Optimizing Storage and Transport Cost

Jovy Jader // Articles


June 17, 2019  

A challenge for supply chain managers in the 21st century is the spectre of increasing logistics costs.

As firms work to increase demand of their products via the efforts of their sales and marketing departments, supply chain managers strive to serve the ever-swelling influx of demand as product lines multiply and grow in quantity.

The two typically largest components of logistics costs are transportation and storage. As firms develop new distribution channels, logistics networks have had to adapt to the changing environment of the marketplace.

For many firms, the cost of logistics has already exceeded the cost of manufacturing. Global and regional players have consolidated manufacturing at fewer sites, with the result being that more countries or territories are served solely by distribution centres.

Thus, companies have shifted their attention from optimizing their production lines to optimizing their logistics networks. Initiatives from this viewpoint can be classified via the following:

Distribution Strategy

Companies find themselves constantly asking whether their logistics networks should consist of depots spread at different sites or that of large centralized facilities in which deliveries are transported long distances to their customers. Distribution strategy starts with executive leadership and should be weighed not only by cost but more so by the company’s foundational principles.

For instance, the global retailer, Inditex Inc., more known by its flagship brand Zara, has more than 6,000 retail stores in 80 countries in which its products are sourced from its central facility in Spain. Despite the geographical distance, Inditex has a straightforward logistics network in which products are delivered within two (2) days to all stores globally. Inditex’s distribution strategy is anchored by two (2) principles laid down by its founder, Mr. Amancio Ortega: “give customers what they want and get it to them faster than anyone else.” (ref:http://management.fortune.cnn.com/2013/01/08/zara-amancio-ortega/)

Storage Optimization

The cost to store product largely depends on two factors: space and productivity. A firm that tries to fill its warehouse by stacking products wall-to-wall or floor-to-ceiling makes full use of space but likely makes it hard for its people to put away or retrieve items productively given the trade-off of locating merchandise or maneuvering through narrow aisles.

Some companies have deployed automated storage & retrieval systems (AS/RS) to maximize space and building height while at the same time putting away and retrieving items quickly. The drawback with AS/RS is that they can be very expensive and the productivity benefits sometimes difficult to justify. Some firms settle for simpler racking systems backed up by packaged warehouse information management systems that track inventories on a per location basis.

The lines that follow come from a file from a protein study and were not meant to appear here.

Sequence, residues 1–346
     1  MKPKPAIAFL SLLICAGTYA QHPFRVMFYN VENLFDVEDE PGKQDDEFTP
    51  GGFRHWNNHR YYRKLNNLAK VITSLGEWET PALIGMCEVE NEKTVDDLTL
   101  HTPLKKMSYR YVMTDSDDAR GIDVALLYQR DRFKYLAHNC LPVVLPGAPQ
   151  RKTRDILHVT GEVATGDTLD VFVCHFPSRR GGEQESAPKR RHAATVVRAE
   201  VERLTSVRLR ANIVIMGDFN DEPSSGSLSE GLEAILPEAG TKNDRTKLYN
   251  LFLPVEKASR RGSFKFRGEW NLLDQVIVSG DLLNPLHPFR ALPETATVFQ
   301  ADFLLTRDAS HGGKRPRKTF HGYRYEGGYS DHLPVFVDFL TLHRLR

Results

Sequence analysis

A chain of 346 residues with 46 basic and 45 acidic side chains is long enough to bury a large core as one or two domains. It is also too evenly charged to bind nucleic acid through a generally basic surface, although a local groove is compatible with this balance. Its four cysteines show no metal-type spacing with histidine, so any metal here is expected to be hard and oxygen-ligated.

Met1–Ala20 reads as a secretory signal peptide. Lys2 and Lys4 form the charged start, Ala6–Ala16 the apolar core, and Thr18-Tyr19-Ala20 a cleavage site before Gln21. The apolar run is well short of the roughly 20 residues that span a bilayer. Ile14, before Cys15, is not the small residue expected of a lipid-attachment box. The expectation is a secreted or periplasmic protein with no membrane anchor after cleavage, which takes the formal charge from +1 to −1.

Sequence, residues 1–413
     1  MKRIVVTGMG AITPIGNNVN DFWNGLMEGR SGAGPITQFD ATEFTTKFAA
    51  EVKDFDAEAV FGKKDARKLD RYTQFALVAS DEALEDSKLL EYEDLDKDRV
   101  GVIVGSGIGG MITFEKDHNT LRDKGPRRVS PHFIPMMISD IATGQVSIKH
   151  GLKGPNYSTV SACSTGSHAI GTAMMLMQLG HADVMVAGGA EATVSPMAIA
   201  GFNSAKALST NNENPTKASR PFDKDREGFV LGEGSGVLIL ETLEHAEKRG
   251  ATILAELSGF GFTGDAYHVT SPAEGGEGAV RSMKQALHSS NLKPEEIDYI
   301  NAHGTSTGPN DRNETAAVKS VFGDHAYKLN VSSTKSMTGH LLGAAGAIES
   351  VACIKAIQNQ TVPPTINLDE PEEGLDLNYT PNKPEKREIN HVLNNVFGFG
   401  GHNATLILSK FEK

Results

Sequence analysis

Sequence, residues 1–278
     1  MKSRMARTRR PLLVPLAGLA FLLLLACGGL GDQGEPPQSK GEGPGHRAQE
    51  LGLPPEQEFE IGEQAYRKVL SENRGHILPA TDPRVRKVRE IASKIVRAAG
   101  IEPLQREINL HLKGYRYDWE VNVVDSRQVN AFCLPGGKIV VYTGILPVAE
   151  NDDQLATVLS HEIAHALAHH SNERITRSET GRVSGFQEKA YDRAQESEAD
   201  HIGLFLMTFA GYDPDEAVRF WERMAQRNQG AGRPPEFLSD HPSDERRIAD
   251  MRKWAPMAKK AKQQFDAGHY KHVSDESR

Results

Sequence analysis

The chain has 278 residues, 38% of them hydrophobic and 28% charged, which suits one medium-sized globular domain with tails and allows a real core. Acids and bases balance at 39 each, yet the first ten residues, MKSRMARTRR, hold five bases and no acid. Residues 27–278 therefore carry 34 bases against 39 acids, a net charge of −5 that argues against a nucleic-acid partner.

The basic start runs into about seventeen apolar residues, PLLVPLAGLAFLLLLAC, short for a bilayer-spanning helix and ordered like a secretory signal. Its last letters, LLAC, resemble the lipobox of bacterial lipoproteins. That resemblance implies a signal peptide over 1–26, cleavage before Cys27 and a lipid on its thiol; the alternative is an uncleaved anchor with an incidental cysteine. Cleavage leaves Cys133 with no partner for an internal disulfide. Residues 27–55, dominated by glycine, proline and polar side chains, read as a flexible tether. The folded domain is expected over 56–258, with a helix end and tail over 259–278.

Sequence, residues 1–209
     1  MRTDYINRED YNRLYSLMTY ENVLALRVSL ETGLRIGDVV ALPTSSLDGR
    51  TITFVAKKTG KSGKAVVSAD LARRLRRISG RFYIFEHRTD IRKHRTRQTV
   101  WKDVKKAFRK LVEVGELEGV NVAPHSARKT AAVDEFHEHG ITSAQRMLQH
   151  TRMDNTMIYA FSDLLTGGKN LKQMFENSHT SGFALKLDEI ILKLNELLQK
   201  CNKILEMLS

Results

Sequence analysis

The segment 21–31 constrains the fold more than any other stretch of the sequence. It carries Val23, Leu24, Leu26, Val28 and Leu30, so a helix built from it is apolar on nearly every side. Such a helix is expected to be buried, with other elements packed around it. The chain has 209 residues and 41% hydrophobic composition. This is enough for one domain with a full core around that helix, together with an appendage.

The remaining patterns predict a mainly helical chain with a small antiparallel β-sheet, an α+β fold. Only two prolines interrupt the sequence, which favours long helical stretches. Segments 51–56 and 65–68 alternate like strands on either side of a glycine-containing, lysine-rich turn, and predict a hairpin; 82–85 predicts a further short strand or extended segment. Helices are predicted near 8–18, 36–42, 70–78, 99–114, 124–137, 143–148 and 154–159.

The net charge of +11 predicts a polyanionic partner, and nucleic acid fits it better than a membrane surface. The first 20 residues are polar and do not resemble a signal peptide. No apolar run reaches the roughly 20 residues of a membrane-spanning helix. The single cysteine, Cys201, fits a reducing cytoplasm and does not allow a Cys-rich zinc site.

Transport Optimization

The cost to transport items is a by-product of a firm’s customer service policy. Freight can be a significant cost to firms, so much so that firms would want to maximize the capacity of delivery vehicles as much as possible. At the same time, firms know that maximizing loads can lead to delays in deliveries which can cause loss of customer goodwill. I was once asked by an employee during one of my consulting engagements if his firm should deliver one shipping case for a customer who badly needs their product. His reason for asking is if it will require one delivery vehicle and one driver for that one case, it certainly does not seem a good way to run a business. Written on the company’s wall is the firm’s vision and mission of providing superior customer service which I pointed out to him; the employee got his answer. Optimizing transport cost is not easy as most companies would preach superior customer service at the same time harp on keeping costs down. Hence, firms need to carefully establish their service policy and study what is the best optimal way to deliver at least cost.

Asset Management

A large part of logistics cost is sometimes not very visible to executive managers. Material handling equipment, utilities (electricity and water), building maintenance, and facilities administration can make up a big chunk of logistics costs. This is especially true if a firm’s product require special handling such as refrigeration.

Logistics cost has become a major expense area for many firms. This is driven by the emergence of new distribution channels to meet growing demand, the rising cost of transportation, and the complexity of storage as products become more sophisticated. It is imperative firms constantly review their logistics network strategies to ensure the competitiveness of storage and freight.

About the Author

Mr. Jovy Jader is a Management Consultant and Regional Speaker on Supply Chain Management. He has directed and implemented Supply Chain Management projects both local and international which have resulted to company-wide improvements in revenue, working capital, total cost, and service levels. Mr. Jader was formerly with Procter & Gamble Philippines and Coopers & Lybrand/PricewaterhouseCoopers.

Jovy Jader